36.     A report shall be prepared by a professional engineer and submitted to the certifying authority prior to the issuing of a construction certificate, detailing the proposed methods of excavation, shoring or pile construction, including details of potential vibration emissions.  The report, must demonstrate the suitability of the proposed methods of construction to overcome any potential damage to nearby land/premises.

 

Any practices or procedures specified in the engineer’s report in relation to the avoidance or minimisation of structural damage to nearby premises, must be fully complied with and incorporated into the documentation for the construction certificate.

 

A copy of the engineers report is to be submitted to the Council, if the Council is not the certifying authority.

 

37.     Driven type piles/shoring must not be provided unless a geotechnical engineer’s report is submitted to the certifying authority, prior to the issuing of a construction certificate, which demonstrates that damage should not occur to any adjoining premises and public place as a result of the works.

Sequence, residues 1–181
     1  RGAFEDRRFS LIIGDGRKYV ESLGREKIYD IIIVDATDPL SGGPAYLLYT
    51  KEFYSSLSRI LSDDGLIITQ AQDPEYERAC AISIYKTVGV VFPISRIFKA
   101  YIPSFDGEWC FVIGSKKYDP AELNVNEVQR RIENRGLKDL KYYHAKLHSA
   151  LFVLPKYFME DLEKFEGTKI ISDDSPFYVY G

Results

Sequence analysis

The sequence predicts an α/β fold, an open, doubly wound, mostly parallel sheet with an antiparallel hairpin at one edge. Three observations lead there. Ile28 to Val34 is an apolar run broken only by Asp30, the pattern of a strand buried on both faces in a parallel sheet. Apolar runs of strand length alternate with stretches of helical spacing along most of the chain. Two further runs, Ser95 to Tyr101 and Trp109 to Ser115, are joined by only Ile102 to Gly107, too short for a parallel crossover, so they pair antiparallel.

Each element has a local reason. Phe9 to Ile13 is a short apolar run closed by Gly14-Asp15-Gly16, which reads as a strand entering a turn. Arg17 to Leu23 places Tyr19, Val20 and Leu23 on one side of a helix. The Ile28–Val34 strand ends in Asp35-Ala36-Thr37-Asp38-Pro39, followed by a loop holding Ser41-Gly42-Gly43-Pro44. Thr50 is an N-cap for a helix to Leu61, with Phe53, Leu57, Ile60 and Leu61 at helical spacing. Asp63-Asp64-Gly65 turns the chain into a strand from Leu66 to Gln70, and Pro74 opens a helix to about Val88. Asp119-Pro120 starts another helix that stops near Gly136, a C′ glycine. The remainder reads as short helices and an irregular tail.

Any practices or recommendations specified in the engineer’s report in relation to the avoidance or minimisation of structural damage to nearby premises or land must be fully complied with and incorporated into the documentation for the construction certificate.

 

38.     A dilapidation report prepared by a professional engineer or suitably qualified and experienced building surveyor shall be submitted to the certifying authority prior to the commencement of demolition, excavation or building works detailing the current condition and status of all buildings, including ancillary structures all of the premises adjoining the subject site.

 

The report is to be supported with photographic evidence of the status and condition of the buildings and a copy of the report must also be forwarded to the Council and to the owners of each of the abovementioned premises, prior to the commencement of any works.

 

39.     A Certificate prepared by a professional engineer shall be submitted to the certifying authority (and the Council, if the Council is not the certifying authority) prior to occupation of the building, which certifies that the building works satisfy the relevant structural design requirements of the Building Code of Australia.

 

The following conditions are applied to ensure that the development satisfies relevant standards of construction, and to maintain adequate levels of health, safety and amenity during construction: